Culverwell is an important archaeological site where evidence has been found of extensive settlement here during the Mesolithic (Middle Stone Age) period, around 6000 BC. The site consists of stone slabs laid over a seashell midden, with hearths still visible, and archaeologists have been able to date it from samples of charcoal and molluscs found here. The floor is the first known use of Portland stone for building purposes, and there is also evidence of an early sense of spirituality. A polished axe head was found under a large triangular stone, with a pierced scallop shell and a pebble beside it. Generally Mesolithic people were thought to be hunter gatherers with a nomadic lifestyle, but this site gives an important insight into one of the first ever human settlements on mainland Britain.

Beside the site, the field is divided up into numerous narrow strips, known locally as 'lawnsheds'. These are strip lynchets, the remnants of a Saxon field system where families had their own strip of land to cultivate. Because the laws of succession at the time gave equal rights to daughters and sons, over time these strips were repeatedly divided and some of them are tiny.

From the Coast Path, without the detour to the road, continue ahead towards the two lighthouses.

The white lighthouse tower, now a bird observatory and a field centre, was once the island's 'lower lighthouse'. Beyond it, the sea cave near the Red Crane is a blowhole in stormy weather. At certain states of the tide, giant waves build up enormous pressure in the cave, and a dramatic geyser explodes into the air with a massive roar (see the Portland Bill Walk).

Carry on ahead along the Coast Path to Portland Bill, where there is a restaurant and a toilet block, and a lighthouse visitor centre.

Over the centuries the Portland Race wrecked many ships heading for Weymouth, and as early as 1669 a lighthouse was planned here, but it was not until the early eighteenth century that Trinity House finally agreed to shipowners' requests to build one. The red-and-white tower standing on The Bill today was built in 1904 (see the Portland Bill Walk). This tower is 41 metres high, 43 metres above the sea at high water. Its light flashes 4 times every 20 seconds. Its fog signal blasts once every 30 seconds and can be heard for 2 nautical miles.

  1. From the far north-west corner of Portland Bill car park, by the motorbike area, take the small path through the grassland to pick up the South West Coast Path. Turn right and follow the path northwards, inland of the MoD buildings and then heading along the top of the cliffs.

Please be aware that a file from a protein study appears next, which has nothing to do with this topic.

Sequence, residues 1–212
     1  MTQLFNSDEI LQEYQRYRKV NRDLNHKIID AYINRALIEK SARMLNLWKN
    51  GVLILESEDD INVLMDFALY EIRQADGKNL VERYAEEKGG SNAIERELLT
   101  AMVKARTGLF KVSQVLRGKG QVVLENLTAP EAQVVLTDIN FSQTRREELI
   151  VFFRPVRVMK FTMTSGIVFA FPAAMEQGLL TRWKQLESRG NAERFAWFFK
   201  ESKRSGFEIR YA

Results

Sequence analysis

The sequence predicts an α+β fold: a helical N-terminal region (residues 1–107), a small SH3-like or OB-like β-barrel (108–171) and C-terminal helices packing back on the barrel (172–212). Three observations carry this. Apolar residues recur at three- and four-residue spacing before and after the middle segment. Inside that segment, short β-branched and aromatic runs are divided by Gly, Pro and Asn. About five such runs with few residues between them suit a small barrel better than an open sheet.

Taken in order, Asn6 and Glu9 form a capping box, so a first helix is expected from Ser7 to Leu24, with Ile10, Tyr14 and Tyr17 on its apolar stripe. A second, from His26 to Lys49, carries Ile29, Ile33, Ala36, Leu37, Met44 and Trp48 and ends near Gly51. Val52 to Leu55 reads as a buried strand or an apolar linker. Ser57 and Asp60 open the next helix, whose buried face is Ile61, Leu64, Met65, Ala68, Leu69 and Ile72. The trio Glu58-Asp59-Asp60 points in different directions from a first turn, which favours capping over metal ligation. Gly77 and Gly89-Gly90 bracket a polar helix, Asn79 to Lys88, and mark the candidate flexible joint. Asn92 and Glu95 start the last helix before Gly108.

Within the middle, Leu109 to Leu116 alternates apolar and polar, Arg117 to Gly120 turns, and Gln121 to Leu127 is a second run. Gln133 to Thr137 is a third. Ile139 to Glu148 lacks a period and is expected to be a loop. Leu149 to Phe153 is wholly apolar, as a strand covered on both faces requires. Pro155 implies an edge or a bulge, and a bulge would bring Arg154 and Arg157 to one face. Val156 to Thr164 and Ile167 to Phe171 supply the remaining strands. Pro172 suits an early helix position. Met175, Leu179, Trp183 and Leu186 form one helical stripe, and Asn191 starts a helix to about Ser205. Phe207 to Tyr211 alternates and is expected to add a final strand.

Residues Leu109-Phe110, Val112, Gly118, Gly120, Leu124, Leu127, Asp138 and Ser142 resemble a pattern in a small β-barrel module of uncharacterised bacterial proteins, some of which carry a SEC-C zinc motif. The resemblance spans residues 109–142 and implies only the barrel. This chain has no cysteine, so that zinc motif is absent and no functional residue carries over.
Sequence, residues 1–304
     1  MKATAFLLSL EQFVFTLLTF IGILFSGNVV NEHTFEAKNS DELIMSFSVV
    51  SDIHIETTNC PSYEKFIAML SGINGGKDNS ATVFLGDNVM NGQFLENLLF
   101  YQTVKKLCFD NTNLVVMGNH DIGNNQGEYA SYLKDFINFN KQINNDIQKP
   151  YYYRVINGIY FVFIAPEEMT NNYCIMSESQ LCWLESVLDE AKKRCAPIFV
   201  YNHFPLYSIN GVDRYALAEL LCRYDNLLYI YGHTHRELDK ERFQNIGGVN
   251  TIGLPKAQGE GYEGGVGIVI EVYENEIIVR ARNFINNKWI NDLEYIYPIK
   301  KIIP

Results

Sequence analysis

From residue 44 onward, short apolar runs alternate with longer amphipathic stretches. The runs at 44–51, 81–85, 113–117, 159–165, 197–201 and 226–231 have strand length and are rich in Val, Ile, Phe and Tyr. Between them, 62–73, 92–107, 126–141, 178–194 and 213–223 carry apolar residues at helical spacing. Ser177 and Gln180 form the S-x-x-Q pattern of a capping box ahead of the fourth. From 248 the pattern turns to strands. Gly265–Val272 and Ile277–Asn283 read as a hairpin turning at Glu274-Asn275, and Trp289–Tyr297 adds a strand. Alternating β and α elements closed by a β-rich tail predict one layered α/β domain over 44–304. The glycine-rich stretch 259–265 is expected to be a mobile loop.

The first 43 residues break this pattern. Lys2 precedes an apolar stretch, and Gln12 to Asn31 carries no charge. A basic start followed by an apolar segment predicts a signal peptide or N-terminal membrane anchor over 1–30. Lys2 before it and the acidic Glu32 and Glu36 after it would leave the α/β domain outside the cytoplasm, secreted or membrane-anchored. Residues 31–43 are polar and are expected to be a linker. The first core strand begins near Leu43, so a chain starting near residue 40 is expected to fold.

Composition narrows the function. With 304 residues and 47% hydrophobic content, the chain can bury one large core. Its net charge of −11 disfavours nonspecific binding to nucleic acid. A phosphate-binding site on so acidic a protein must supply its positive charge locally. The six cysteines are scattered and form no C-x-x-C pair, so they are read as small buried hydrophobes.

Quarrying and tourism have taken their toll on Portland's clifftop grassland, and recently portions of the grassland have been enclosed to encourage the rehabitation of the island's special maritime vegetation (see the Portland Bill Walk). You are asked to keep to the paths and areas of hard-standing to help preserve these special plants.

The MoD buildings are the Ministry's Magnetic Range, used for simulating the earth's magnetic field and measuring its effect on various test objects. The Lookout Station, beyond, is operated by the NCI (National Coastwatch Institution), a voluntary organisation set up in 1994, when two sailors drowned there within sight of the newly-closed Coastguard lookout at Bass Point, on the Lizard. It is open every day throughout the year, apart from Christmas Day and Boxing Day, and visitors are welcome, at the discretion of the duty watchkeeper. Visit the NCI Portland Bill webpage for more information, and a video showing huge waves off Portland Bill during stormy weather.

  1. Ignoring several paths leading away to your right, carry on northwards past the back of the Southwell Business Park.
  2. Continue past all paths to the right until you come to the one signed to Weston, a field before the first houses at Weston. Turn right onto this path, following it to the left around the top boundary of the field and turning right halfway along the next to take the path to the road.
  3. Cross the road and bear right to carry on ahead along the road opposite (Weston Street). Take the public footpath on your left, along a rough lane opposite the open field on your right. Ignoring the service road to houses on the right-hand side of the lane, carry on ahead.
  4. Turn right on the next lane, towards the end of this field, heading between more fields and on past the quarry, bearing right at the fork to come out at a junction of many paths. Turn right here and walk around the quarry, forking left at the end to come back out on Pennsylvania Road. Turn left here to return to the car park.

Public transport

The X10 bus service runs regularly between Weymouth and Portland Bill, stopping at Easton and Southwell. For timetable information, zoom in on the interactive map and click on the bus stops, visit Traveline or phone 0871 200 22 33


At the start of the walk and elswhere on the island.